The finished Photographs are always unique. The contacts, scans, and proofs are my sketches, just as a Sculptor has his maquette and an Architect his blue prints.

The Cameras

  Photography: My photographic images are developing and existing since 1983. They primarily came as a result to a filmmaking class I had at the University.
    I wanted to be able to photograph time.
Elapsed time is easily experienced in motion picture but still photography is simply a moment in time. The roll film format allowed my photos to grasp time in a different way, often the first frame and the final frame are separated by hours or even days. By combining single and double exposure I linked time from one end of the negative to the other.
    Capturing movement like Muybridge was not my goal, I was rather interested in the patterns created by repetition. These repetitions caused a specific geometry to develop in the prints. This led to repeating one image in different colors on one piece (the light boxes). My paintings had always been basically geometric. This geometry and the blurring of the recognition between photographic/painted images established itself in 1997. I wanted to try to create works that initially looked like paintings but were actually photographs.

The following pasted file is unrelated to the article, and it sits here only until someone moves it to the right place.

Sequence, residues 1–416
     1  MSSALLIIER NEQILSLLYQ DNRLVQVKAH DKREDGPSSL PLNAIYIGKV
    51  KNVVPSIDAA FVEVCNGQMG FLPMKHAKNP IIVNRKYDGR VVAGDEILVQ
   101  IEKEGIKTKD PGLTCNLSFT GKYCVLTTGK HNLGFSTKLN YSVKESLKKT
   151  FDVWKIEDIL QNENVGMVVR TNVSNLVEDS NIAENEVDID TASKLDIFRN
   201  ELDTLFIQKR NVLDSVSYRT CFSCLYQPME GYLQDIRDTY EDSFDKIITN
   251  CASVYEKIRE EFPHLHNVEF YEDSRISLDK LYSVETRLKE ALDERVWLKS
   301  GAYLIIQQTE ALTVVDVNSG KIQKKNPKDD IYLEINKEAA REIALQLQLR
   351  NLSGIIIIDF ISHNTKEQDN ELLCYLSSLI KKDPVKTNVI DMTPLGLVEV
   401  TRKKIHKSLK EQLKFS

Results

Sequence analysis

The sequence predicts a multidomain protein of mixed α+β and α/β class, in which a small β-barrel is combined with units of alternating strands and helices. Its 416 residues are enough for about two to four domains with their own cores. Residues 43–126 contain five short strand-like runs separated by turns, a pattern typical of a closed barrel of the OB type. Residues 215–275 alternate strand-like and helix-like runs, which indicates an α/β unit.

The technical process is as follows; A Zeiss Ikon Ikonta A, B, and C series cameras take the initial image. I develop and print contacts of each negative. I scan the contacts into my computer to begin the first low-resolution sketches. A selection is made from the sketches and the negative is taken to a high-resolution scanner where I decide on the final sizes (I scan up to 9 meters to give me flexibility later). The colors were initially acquired by printing the black and white negatives on color paper with different filters. However, I am now able to achieve the same results with even greater control with digital imaging.
     The digital information (.tiff format) is opened in Photoshop and given a soft light fill over selected areas. Through this process of manipulting images the selection of imagery has changed. The most recent works departed from the repetition of one element and focused entirely on the coloring of the existing geometry within a single photo (waves). Also working with color film is opening even more exciting possibilities.